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American red snapper, northern red snapper, mutton snapper.

The back and upper sides are scarlet to brick red, and the lower sides and belly are lighter. Small red snapper, up to 10 inches, have a dark spot on the upper sides just below the soft dorsal fin. Adult red snapper are easily distinguished from other red-colored snappers. They are much deeper bodied than the vermilion snapper and not as streamlined. Red snapper have a bright red iris, whereas the silk snapper has a yellow iris. Red snapper lack the prominent black spot at the base of the pectoral fin, which is characteristic of another lutjanid, the blackfin snapper, Lutfanus buccanella.

Off the southeastern United States, adult red snapper occur in depths of 150 to 300 feet over both low and high-relief hard bottom. Immature red snapper will live closer to shore, over sandy bottoms.

As with other reef fish, growth of this species is slow. Young red snapper are about 9 inches and weigh half a pound at the end of their first year, 23 inches and 7 pounds at age 5, 33 inches and 22 pounds at age 10, and approximately 37 inches and 30 pounds when they are 14 years old. Although the maximum age is at least 16 years, most of those caught are 5 and 6 years old.

The white flesh of red snapper is rated one of the very best. It may be prepared in a variety of ways, but frying should be considered a misdemeanor crime. Baked stuffed red snapper smothered with cream sauce is a delightful dish made famous in New Orleans and Charleston.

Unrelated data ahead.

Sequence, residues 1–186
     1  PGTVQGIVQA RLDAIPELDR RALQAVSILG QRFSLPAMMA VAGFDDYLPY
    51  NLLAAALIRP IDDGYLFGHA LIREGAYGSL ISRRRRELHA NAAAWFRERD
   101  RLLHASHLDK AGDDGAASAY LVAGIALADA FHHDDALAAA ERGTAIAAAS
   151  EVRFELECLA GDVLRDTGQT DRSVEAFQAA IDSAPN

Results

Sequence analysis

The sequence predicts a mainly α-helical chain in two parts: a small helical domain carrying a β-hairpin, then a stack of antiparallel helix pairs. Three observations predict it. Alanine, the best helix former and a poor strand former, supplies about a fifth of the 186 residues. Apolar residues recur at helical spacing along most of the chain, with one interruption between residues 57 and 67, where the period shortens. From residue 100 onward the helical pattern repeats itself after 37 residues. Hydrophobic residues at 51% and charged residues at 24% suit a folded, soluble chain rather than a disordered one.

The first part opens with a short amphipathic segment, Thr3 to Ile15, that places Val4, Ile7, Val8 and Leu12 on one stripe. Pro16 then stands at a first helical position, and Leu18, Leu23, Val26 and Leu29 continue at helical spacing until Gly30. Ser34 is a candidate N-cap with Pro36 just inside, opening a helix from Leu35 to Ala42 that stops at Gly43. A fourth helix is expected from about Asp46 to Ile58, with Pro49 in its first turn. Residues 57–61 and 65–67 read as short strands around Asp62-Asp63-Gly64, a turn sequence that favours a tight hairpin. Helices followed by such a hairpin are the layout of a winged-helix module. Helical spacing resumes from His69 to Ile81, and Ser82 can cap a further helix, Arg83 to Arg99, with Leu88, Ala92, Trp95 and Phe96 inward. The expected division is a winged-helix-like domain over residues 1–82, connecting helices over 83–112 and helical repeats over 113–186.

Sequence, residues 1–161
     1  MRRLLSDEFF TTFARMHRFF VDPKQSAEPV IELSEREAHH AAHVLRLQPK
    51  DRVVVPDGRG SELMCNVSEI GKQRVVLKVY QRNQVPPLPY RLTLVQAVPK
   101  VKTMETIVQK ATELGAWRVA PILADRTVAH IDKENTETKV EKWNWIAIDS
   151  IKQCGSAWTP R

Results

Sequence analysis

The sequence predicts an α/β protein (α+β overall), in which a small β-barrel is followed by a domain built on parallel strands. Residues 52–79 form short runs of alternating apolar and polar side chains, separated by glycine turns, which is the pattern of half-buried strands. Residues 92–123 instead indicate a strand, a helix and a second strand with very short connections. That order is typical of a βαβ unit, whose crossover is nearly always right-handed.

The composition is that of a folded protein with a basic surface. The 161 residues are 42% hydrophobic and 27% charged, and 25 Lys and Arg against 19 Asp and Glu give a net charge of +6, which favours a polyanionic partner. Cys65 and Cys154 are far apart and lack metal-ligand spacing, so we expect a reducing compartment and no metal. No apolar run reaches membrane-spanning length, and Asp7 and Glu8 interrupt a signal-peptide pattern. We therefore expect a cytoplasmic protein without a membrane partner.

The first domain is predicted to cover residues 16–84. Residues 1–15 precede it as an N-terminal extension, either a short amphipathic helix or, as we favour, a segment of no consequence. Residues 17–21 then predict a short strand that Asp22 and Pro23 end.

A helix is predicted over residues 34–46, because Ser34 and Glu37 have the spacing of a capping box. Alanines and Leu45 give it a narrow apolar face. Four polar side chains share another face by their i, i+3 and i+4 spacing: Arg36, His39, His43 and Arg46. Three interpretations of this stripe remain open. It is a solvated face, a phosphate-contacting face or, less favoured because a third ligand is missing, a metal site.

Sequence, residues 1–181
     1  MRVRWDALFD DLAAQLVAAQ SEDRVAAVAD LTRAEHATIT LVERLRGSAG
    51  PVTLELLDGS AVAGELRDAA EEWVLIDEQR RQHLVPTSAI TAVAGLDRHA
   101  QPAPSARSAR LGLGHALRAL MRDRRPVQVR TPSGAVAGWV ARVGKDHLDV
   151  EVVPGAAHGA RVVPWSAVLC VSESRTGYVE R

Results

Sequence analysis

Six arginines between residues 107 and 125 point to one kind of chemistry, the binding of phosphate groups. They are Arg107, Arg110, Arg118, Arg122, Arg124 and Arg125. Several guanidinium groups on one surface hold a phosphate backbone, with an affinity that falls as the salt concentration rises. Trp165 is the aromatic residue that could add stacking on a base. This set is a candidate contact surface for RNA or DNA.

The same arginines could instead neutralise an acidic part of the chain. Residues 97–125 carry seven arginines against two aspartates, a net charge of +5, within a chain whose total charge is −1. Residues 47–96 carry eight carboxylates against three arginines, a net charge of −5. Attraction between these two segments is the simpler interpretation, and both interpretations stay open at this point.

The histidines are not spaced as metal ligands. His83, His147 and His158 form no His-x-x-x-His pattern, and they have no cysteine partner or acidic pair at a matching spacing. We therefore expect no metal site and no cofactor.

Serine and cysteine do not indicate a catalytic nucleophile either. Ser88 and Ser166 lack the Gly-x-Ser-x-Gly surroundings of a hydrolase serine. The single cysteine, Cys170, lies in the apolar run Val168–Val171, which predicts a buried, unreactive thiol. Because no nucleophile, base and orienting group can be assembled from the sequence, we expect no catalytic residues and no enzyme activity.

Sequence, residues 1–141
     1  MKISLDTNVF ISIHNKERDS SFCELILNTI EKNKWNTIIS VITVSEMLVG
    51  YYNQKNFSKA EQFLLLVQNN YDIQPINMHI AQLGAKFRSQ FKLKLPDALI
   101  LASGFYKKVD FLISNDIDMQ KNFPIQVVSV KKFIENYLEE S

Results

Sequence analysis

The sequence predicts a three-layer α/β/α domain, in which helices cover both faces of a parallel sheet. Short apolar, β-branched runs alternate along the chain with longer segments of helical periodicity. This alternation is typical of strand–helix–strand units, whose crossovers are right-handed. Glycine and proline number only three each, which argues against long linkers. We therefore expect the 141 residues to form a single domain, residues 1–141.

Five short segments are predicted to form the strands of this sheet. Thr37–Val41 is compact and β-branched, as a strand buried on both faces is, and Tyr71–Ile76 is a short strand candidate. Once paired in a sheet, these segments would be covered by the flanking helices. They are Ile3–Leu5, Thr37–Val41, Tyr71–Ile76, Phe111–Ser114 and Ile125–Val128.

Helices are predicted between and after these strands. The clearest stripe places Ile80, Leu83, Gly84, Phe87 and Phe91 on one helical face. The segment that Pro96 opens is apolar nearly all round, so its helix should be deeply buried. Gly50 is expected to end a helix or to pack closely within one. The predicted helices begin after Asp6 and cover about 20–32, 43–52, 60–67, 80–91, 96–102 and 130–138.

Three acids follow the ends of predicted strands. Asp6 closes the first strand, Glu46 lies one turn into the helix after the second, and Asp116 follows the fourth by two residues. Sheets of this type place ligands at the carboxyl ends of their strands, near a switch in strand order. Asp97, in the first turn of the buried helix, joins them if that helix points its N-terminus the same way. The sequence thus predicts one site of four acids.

They are opportunistic bottom feeders that consume a variety of shrimp, crabs and small fishes.

Whether fishing for pleasure or profit, consistently catching red snapper by hook and line is an art. Not only must one know where the best fishing grounds are located, but also the bait must be presented in a manner to entice the snapper to bite. A bottom recorder and GPS are necessary to pioneer new fishing grounds as well as to relocate proven grounds and concentrations of fish. While multiple-hook rigs (similar to those used for other reef fish) are effective, a favorite rig for large red snapper is a single 7/0 hook. The hook is fastened to a 4 to 5-foot dropper off the mainleader, which ends with an 8 to 16-ounce sinker. Selection of bait is critical. Squid heads with long tentacles, whole medium-size fish, and fresh, bloody strips of little tunny or greater amberjack catch the big red snapper. The fish seem to prefer a still or very slowly moving bait. Fishing from an anchored boat is productive, but when drifting, one might free-spool the line for a few minutes before slowly retrieving the slack.


Information courtesy of Salt Water Sportsman

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